Super Knockoff! VS Review

Super Knockoff! Versus pits you and friends against each other with parodies of famous manga and anime icons. This Smash Bros-esque game will pit ninjas against robots, and tennis players against super powered aliens. But only one of them can stand above the rest

Super Knockoff! VS Review


Super Knockoff! VS is a multiplayer action-fighting game developed by Action Panel and published T.F.S. Entertainment. The main gimmick of the game is that each of the characters you play as is a parody of famous manga and anime characters from different eras of the medium. The core idea and gameplay of Super Knockoff! Vs is good, but it is marred by a few very significant issues.

Super Knockoff! VS is available on Steam for $11.99

Super Knockoff! VS Review: KAME- I mean, totally original attack.


There is no real overarching story behind Super Knockoff! VS.  You’re not really given any reason why the characters are fighting, or how they ended up in the same place. It’s not a huge issue, but it would have been nice for there to be some quick explanation.

The characters are meant to be parodies of famous manga and anime characters throughout the years, with each one covering a different genre of anime. Characters like Cosmo and Ace are clear analogous to Astro Boy and Yugi Moto, while others like Jira and Judai are more like amalgamations of characters from the giant robot and sports genres, respectively.

Each character also has a quick bio, giving a brief summary of the plots of their respective manga. For characters or genres that you’re familiar with, they’re a fairly nice and quick read, though if it’s a genre you’re not familiar with can be a bit odd to say the least.

Super Knockoff! VS Review: The gallery section gives a nice look at music and character bios


The game focuses around 2-4 players attempting to knock each other off the stage. Each of the eight characters has a projectile attack, a maneuvering ability, and an ultimate. What really separates them is how their abilities work. Some characters will have powerful but slow projectiles, while others are able to hover around the stage for a short period of time. Some of the characters ultimates are a huge attack, while others gain some form of buff.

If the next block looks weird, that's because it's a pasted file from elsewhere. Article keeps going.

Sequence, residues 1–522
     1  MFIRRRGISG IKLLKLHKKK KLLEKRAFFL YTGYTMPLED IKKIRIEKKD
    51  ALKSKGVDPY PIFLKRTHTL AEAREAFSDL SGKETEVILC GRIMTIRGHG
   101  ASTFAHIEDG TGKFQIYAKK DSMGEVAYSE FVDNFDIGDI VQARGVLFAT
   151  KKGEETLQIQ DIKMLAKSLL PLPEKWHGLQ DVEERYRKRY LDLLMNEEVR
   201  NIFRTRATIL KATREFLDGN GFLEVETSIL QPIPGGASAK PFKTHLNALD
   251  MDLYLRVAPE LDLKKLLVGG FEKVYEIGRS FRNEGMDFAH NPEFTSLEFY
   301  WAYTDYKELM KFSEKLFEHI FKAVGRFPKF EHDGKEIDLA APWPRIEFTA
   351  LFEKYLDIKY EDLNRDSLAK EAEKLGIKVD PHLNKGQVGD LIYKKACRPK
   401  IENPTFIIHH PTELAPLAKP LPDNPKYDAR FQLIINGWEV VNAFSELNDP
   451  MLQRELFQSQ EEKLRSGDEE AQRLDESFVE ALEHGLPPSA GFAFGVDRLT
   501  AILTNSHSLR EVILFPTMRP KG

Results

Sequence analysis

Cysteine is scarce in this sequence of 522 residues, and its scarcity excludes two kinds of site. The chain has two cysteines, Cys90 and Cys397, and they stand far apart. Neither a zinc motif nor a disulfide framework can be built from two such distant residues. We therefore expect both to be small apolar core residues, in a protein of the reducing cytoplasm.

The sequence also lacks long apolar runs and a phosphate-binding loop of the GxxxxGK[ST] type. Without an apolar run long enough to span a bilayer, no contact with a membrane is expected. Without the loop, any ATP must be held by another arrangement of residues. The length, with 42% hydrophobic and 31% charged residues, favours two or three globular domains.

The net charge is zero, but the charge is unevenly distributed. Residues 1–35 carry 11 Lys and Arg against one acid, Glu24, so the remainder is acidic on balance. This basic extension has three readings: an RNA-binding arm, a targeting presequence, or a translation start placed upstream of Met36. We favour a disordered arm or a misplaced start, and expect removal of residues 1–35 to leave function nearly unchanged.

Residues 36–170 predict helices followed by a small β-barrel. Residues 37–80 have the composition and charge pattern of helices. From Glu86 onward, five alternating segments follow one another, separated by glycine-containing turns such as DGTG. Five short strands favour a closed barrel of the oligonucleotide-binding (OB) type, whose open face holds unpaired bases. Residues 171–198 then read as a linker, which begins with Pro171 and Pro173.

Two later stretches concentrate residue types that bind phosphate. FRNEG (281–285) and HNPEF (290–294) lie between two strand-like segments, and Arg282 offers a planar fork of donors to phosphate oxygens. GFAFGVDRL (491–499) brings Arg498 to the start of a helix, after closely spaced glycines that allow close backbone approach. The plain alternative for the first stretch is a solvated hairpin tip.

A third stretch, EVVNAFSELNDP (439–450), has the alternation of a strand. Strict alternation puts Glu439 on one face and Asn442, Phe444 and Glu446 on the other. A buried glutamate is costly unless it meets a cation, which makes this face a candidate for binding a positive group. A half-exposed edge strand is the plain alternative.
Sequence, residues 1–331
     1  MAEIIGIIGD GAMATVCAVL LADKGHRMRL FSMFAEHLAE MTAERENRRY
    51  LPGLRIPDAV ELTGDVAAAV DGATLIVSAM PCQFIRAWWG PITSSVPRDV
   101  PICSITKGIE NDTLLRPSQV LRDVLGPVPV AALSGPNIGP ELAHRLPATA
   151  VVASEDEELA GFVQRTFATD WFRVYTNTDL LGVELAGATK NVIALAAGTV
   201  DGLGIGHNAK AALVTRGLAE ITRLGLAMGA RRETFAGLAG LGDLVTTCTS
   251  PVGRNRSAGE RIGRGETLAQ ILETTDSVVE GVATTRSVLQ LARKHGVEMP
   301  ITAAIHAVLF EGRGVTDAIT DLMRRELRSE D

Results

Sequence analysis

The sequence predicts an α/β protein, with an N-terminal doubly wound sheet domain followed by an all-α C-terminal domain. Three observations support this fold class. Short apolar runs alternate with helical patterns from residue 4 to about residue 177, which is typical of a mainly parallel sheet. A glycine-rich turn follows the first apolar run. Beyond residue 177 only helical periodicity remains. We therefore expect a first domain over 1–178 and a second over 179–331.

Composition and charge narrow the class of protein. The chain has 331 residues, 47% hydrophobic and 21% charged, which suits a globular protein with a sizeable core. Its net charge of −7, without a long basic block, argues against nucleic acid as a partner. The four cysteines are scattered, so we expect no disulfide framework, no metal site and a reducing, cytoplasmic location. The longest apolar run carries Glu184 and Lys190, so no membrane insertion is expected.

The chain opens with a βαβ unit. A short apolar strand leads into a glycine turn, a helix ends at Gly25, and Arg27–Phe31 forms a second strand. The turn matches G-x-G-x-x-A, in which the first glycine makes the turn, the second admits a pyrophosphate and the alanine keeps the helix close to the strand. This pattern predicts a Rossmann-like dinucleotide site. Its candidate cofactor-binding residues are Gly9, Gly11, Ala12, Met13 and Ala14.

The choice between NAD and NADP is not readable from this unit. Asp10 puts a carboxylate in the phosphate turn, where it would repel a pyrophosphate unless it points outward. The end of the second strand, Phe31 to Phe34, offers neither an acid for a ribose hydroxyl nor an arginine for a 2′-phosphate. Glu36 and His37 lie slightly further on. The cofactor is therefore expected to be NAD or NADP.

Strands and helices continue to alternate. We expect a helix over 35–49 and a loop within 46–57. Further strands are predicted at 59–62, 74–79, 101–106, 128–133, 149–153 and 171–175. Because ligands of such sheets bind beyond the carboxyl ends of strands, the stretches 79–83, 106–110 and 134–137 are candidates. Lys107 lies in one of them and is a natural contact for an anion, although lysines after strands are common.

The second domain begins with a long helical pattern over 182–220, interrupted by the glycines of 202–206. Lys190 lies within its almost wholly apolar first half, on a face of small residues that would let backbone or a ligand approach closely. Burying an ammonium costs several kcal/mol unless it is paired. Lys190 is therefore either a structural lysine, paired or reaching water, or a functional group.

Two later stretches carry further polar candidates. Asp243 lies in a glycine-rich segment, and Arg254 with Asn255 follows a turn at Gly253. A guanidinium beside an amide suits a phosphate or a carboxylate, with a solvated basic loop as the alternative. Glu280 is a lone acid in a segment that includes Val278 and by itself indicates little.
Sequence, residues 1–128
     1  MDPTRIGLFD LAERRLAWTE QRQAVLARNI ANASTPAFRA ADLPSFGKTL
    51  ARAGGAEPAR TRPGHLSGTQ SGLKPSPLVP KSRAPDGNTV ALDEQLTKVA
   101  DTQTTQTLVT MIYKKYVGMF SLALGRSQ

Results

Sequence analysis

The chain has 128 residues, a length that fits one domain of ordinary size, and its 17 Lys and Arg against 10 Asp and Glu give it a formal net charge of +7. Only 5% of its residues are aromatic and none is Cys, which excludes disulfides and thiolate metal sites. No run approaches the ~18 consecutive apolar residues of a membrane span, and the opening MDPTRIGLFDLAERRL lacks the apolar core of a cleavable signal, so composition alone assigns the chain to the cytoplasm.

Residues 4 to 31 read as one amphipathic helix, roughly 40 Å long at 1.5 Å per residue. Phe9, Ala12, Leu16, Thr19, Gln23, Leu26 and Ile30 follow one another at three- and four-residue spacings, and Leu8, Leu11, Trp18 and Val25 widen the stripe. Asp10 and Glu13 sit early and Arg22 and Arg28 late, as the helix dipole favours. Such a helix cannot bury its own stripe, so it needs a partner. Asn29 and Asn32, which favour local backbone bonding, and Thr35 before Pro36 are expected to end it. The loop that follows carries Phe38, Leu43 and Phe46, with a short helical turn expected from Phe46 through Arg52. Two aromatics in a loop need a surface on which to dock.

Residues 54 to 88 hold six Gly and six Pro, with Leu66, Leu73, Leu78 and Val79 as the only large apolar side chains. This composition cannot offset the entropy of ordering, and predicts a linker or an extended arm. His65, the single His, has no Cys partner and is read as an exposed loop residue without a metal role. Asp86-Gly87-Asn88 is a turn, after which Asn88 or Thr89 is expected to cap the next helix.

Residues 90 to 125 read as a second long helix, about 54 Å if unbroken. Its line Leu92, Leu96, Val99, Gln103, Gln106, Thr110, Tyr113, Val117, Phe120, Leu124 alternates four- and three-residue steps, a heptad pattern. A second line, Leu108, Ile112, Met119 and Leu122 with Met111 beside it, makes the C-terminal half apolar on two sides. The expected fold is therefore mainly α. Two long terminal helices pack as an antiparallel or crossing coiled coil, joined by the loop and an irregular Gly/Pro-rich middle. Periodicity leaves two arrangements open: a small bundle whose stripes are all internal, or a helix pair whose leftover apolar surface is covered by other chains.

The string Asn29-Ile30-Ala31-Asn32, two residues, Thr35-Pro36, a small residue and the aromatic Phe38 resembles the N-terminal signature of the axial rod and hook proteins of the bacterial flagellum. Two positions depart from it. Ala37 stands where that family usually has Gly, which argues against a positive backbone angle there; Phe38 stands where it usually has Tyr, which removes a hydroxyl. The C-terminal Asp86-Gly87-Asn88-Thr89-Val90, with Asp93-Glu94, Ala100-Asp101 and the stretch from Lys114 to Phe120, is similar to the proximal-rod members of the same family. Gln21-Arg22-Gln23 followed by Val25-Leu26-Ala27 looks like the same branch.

There are eight different stages to choose from, each one modeled after the setting of one of the characters world. The stages are, for the most part, destructible, making the game more dangerous as it keeps going. Stages will also contain special gems that the player collects in order to use their ultimate, as well as bombs that act as stage hazards. If the game goes on too long, the game will start turning any blocks left in the stage into bombs.

Super Knockoff! VS Review: This is actually just a pic of an average day at Japanese schoolsAnother part of the gameplay is the use of weapons. Players are able to pick up and use these weapons to gain an advantage during the fight. Each weapon has a different form of firing, as well as a set amount of ammunition. For example, the force gun has a short range, but it can be charged and launches away enemies. After the weapon runs out of ammo, it disappears and a new one will eventually respawn.

The gameplay is solid, but there are two main issues with the game.  The first, and most major of the two, is that the game only allows local co-op. This means that, unless you have friends over. There is no way for you to actually play the game. There is no online functionality at all, and in addition there is no way to fight against computer components. For a game release in 2018, this seems to be a very major oversight

Another minor problem is the lack of mouse and keyboard support. While I can more than understand people preferring the use of a controller, the fact that there is no way to play with mouse and keyboard is very disappointing. It’s also a bit confusing when you realize that the game itself is currently exclusive to PC.

Super Knockoff! VS Review: Captain Ersatz, eat your heart out

Graphics and Sound

Art wise the game has a very simple ascetic, with the in game models being little pixel people, very similar in manner to that of Duck Game. The character art on the select screen is ok, but nothing to really write home about. They are all fairly recognizable as well, which is good considering their meant to be parodies of popular characters.

Each character is fully voiced, having different lines when they are selected, defeated, etc. The voices are well done, and as with the characters bios, they will give you a good laugh if you’re familiar with the character or genre they are parodying. Nothing is super spectacular, but far from being bad.

Probably one of the strongest points of the game comes in the form of its music. There is a different theme for each stage, and they tend to vary quite a bit. On one stage your listening to pulsating techno, and then be grooving out to some nice jazz. Again, these match the genres of manga their parodying, which in addition to sounding great is a nice bonus.

Super Knockoff! VS Review: A small but nice selection


While Super Knockoff! VS has a good concept, fairly solid if not simple gameplay, and a good soundtrack, it ultimately falls a bit flat when compared to others. Outside of the music the presentation is a bit lacking, and while its far from boring, the gameplay isn’t really deep enough to hook anyone. The fact that there is no online support or even some form of single player is also a huge issue, as it essentially means you can’t enjoy the game unless you can get friends over to play. Ultimately not a bad effort, but its hard for me to recommend Super Knockoff! VS in its current state.

+ Great Music – No online options
+ Fun Gameplay – No single player options
+Good concept – No mouse and keyboard support
 – Lackluster overall presentation

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